Done with the holidays and already suffering the relentlessly long winter despair, I took the chance last weekend to head down to Chicago in search of lasting inspiration and motivation among the museums, restaurants and urban streets.
Yes, it’s only Chicago and yes, cold weather and bone-chilling wind permeates the city to our south just the same. But, I love parts of Chicago and just as I hoped, I had a great time and came back ready for more in Milwaukee.
I kind of know my way around Chicago. I visit regularly to see friends and shows but I’ve never been a resident. So, when I’m there, I rely heavily on friends to guide me through the many neighborhoods to restaurants, stores and bars.
On this visit, we ate dinners at the Green Zebra in West Town and Ping Pong in Lakeview, grabbed lunch at assorted diners and had drinks in Lincoln Park and Little Armenia.
To some extent, Milwaukee’s and Chicago’s nightlife aren’t that different. Every neighborhood throws a certain vibe and draws a particular crowd.
As a larger city, Chicago’s bar, restaurant and club options are vastly greater. Yet, more doesn’t inherently imply unheard-of, ingenious creativity. It often means just a longer list of options; some with a greater level of experimentation.
In either city, you can hunt down a $2 beer or splurge on a $20 martini. You can head to dive bar for a beer and darts or sip infused vodka cocktails on a trendy dance floor. All within blocks, you can dine at a chain staple, locally-owned fusion eatery or hole in the wall serving ethnic tradition.
And of course, we share the Midwestern sense of low-key and casual.
Yet despite so many similarities, there’s still something dynamically dissimilar about Chicago and Milwaukee nightlife.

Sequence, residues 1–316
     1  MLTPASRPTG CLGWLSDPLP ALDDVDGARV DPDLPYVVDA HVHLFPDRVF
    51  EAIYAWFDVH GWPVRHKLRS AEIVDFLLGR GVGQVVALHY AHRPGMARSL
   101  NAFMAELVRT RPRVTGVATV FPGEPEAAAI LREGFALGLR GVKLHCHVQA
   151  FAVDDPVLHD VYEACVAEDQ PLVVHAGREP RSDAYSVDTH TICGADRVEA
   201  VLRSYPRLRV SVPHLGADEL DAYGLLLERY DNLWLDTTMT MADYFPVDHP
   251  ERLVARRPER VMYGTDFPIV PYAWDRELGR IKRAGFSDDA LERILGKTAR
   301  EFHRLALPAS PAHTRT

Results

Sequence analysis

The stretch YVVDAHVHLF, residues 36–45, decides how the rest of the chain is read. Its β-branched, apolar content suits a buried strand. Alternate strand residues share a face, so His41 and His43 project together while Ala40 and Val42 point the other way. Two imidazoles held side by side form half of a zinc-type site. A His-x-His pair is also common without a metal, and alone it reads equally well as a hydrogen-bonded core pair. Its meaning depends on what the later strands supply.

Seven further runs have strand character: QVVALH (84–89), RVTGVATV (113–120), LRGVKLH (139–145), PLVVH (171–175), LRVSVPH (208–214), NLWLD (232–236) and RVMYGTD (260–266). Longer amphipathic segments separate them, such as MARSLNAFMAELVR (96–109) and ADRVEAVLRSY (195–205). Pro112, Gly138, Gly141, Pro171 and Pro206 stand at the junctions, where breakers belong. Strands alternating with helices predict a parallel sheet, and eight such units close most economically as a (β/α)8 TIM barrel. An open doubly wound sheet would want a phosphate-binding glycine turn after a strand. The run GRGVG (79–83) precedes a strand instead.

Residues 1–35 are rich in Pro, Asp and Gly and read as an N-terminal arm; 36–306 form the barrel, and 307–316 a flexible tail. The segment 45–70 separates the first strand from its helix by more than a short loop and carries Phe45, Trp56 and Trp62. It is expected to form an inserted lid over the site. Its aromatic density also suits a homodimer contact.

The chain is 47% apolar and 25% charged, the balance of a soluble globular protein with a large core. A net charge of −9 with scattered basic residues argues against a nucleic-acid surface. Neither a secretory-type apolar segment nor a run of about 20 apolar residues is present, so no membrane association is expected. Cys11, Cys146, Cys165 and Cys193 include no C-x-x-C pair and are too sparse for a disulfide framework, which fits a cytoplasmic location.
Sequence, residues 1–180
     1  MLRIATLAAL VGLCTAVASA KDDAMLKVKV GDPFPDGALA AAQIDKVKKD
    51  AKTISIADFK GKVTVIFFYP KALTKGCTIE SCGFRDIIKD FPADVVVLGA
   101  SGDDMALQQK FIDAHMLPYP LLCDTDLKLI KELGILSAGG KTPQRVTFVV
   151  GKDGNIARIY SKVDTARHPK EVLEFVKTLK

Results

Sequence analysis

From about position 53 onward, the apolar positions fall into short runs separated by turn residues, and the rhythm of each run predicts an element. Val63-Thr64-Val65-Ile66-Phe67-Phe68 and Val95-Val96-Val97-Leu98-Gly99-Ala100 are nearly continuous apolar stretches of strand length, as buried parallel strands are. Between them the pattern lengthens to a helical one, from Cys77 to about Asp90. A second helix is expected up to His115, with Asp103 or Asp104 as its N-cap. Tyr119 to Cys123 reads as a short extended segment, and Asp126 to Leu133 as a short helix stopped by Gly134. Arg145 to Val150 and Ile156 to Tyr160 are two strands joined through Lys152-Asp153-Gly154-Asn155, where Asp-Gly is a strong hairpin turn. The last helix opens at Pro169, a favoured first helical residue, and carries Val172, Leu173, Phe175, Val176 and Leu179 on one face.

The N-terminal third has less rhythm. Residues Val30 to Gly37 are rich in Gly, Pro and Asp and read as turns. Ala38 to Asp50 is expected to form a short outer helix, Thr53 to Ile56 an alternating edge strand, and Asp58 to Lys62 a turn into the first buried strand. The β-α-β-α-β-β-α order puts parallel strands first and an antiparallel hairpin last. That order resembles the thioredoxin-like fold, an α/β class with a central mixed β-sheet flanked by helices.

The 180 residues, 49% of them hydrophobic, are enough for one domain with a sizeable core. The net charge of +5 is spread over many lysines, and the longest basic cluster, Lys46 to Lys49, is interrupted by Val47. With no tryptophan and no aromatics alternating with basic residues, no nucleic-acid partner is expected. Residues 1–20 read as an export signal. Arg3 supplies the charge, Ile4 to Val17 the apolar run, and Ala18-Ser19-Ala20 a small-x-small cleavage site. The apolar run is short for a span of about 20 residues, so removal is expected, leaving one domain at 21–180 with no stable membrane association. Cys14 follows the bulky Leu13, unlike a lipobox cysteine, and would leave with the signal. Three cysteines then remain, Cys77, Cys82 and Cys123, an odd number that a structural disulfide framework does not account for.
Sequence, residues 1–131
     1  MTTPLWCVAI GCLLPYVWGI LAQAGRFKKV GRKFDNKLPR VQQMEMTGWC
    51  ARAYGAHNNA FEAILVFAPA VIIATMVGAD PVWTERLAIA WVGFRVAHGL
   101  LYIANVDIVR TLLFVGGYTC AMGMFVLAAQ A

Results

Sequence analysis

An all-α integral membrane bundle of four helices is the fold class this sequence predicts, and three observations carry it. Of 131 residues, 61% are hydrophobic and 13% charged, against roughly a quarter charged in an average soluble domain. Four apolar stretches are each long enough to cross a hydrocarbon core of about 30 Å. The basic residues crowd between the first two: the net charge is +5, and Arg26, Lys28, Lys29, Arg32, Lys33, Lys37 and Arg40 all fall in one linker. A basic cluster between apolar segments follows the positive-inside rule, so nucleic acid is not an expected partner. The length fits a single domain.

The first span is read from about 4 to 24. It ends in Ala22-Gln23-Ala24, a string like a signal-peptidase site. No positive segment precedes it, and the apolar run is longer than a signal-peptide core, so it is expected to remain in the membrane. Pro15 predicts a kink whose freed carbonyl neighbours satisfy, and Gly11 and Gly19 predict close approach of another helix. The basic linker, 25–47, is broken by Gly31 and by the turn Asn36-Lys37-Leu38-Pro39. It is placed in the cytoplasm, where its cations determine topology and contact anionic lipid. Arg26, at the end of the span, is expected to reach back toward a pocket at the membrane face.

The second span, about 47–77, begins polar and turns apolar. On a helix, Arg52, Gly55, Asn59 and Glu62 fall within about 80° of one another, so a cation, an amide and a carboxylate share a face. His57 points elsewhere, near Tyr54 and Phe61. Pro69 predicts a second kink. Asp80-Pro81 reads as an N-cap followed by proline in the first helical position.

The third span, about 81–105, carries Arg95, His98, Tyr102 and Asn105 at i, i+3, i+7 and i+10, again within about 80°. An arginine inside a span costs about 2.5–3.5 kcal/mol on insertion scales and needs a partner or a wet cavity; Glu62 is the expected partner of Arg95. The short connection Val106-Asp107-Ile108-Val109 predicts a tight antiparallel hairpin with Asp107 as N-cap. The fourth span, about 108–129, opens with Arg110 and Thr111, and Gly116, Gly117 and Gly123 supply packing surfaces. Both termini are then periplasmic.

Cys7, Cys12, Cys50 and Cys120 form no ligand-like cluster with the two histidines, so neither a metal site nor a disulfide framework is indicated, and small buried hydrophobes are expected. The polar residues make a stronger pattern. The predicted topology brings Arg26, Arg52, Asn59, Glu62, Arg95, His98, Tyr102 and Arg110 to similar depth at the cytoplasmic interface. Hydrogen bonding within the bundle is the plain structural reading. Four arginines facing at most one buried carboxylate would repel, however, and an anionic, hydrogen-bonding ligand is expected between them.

After retracing my weekend, I think it ultimately comes down to one simple yet huge difference: at 10 p.m. on any given weeknight, restaurants in Chicago are alive and pumping while Milwaukee eateries are generally dead quiet and closed.
Are we not a big enough city?
Granted, Milwaukee is about one-fifth the size of Chicago and has only one-eighth the exterior metropolitan make up. But take Portland, Denver or Atlanta; all comparable in size to good old Milwaukee and you’ll find the same Chicagoan-style culture pulling residents out and about every night of the week.
Are we not a fun city?
There’s no question our summer, packed with festivals, concerts and activities, rank at the top of any fun list out there. We have NBA, MLB and AHL teams coupled with two urban Universities. We’re home to Harley and Summerfest, dozens of local breweries and an ongoing list of art fairs, gallery nights and ethnic festivals; all things categorically meant for fun.
Or are we just not a young city?
The median age in Milwaukee is 30 whereas Chicago’s is 31. So statistically, we should be right in the running.
And regardless, I don’t even think I can justify the "young" reasoning. Sure, there are college kids out on campus but Chicago neighborhoods are packed with 20-, 30-, 40- and 50-somethings having late dinners and drinks with friends.
There’s not necessarily resolution to this question. Really, it could be any number of things. Maybe the difference is income level or maybe Milwaukee is just a much more sedate, family style city. Maybe restaurant hours guide our behavior more than our behavior guides restaurant hours.
Ultimately, though, I like Chicago’s style in this respect. Not just the dense population but more so the lively, social nature of restaurants, bars and cafes all night every night.
Of course, I got a hefty parking ticket while dining late in the evening. So, Milwaukee’s still definitely got something.
OnMilwaukee.com staff writer Maureen Post grew up in Wauwatosa. A lover of international and urban culture, Maureen received a bachelor’s degree in sociology from the University of Wisconsin-Madison.
After living on the east side of Madison for several years, Maureen returned to Milwaukee in 2006.
After a brief stint of travel, Maureen joined OnMilwaukee.com as the city’s oldest intern and has been hooked ever since. Combining her three key infatuations, Milwaukee’s great music, incredible food and inspiring art (and yes, in that order), Maureen’s job just about fits her perfectly.
Residing in Bay View, Maureen vehemently believes the city can become fresh and new with a simple move across town.